I LOVE THIS BOOK for so many reasons!! First, the author finds a subtle way to express her views on the current state of our educational system, with its overabundance of testing and procedures that are not in the best interest of our students. Along with that, the illustrations by Harry Bliss are fun to look at, but also quite profound. He further emphasizes the author's viewpoint with his illustrations. When I read this book with students, we have fun looking at the details in each illustration.
|Notice the banner that is hanging in the lunchroom that reads "WHY NOT STUDY WHILE YOU CHEW?"!|
|The sticky notes on Tillie's suitcase say "HUGE TEST SUNDAY", "MASSIVE TEST SATURDAY", and "THE LARGEST TEST IN THE ENTIRE UNIVERSE NEXT WEEK!"|
|Notice the details in this illustration! The girl is putting a 10,000 count box of pencils in her locker! On the other side, a girl is carrying a backpack with a WIDE LOAD sign.|
I'll begin this lesson with an anchor chart that explains author's perspective. (I will also take a moment to explain that some people also refer to this as author's point of view.)
After reviewing the information on the anchor chart, I'll tell my students that I am going to read aloud a book today, and I want them to try to figure out a belief of the author that is evident in this book. I'll show the cover to my students, and ask if anyone would care to share a prediction about the author's perspective, just based on the title and the cover illustration.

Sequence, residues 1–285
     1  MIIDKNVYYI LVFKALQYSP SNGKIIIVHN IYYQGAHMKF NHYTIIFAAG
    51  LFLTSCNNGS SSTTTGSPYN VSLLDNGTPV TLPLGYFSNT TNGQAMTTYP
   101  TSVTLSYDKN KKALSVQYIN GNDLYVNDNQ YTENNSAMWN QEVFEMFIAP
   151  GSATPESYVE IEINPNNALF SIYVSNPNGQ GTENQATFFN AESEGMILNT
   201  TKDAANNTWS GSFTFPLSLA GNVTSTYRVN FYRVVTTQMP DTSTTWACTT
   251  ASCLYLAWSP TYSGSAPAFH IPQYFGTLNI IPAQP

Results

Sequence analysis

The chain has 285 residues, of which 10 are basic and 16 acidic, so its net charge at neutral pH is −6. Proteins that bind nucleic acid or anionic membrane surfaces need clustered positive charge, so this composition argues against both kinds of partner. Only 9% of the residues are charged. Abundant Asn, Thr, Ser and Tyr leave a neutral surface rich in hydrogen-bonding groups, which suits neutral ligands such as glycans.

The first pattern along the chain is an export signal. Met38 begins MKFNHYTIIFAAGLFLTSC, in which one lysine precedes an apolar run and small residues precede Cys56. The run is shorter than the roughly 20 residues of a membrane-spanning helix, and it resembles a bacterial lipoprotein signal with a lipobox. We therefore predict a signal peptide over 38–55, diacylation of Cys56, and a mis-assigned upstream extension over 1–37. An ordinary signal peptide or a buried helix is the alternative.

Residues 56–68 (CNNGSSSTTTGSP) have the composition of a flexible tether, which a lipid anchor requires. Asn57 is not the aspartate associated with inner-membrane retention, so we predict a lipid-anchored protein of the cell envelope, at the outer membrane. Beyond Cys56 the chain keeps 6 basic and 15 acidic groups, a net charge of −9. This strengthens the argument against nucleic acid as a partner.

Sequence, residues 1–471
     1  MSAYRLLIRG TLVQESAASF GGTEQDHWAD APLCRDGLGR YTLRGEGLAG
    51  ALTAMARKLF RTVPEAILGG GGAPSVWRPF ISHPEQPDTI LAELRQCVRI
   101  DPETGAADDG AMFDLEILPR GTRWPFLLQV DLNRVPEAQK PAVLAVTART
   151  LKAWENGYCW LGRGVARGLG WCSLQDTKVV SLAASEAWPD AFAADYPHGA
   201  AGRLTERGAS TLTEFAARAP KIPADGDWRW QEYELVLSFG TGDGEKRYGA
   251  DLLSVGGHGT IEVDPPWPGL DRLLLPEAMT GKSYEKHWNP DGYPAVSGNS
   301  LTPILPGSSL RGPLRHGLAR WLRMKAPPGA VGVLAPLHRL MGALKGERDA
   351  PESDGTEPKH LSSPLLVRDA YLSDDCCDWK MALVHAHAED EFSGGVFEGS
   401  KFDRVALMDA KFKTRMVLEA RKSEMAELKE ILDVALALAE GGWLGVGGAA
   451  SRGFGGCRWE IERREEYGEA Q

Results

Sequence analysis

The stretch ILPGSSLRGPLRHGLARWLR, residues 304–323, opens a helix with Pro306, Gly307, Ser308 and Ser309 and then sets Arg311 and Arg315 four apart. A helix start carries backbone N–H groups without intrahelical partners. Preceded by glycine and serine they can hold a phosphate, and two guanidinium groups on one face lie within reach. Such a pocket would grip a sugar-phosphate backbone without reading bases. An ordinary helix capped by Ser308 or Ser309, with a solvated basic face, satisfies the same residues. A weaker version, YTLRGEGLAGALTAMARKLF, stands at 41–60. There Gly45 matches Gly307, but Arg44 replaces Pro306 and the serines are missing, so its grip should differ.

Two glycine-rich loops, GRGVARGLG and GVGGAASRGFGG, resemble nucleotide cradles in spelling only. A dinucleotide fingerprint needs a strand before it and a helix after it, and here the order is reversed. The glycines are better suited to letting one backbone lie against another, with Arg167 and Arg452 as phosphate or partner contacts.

After enjoying the book, we will use discuss each quadrant on the anchor chart. For example, we'll talk about the problem/conflict in A Fine, Fine School, and discuss how it helped us determine the author's beliefs about school. I'll record notes of our discussion on a sticky note, and add it to the anchor chart. After discussing each quadrant, we will ultimately determine that the author of the book believes that today's schools aren't as student-centered as they should be. Rather, most schools are test-centered... administrators are focused on making policies that will allow kids to test well. It's evident that the author believes administrators and policy-makers need to take a step back and realize that a lot of important learning happens outside of schools, too.After this guided discussion, you can use the following worksheet as independent practice to determine which of your students can identify the author's perspective without your help, and which students need additional small group instruction. Just click on the image below to download the FREE worksheet!
Also, if you are looking for additional resources that focus on the ability to identify the author's perspective, feel free to check out my PowerPoint and worksheet packet!
Thanks for stopping by! Before you leave, be sure to enter the giveaway. One lucky winner will receive all of the books shared in this linkup!! By the way, MY MYSTERY WORD IS SPRING.
Also, be sure to hop around to my friends' blogs and check out the other books shared in this linkup!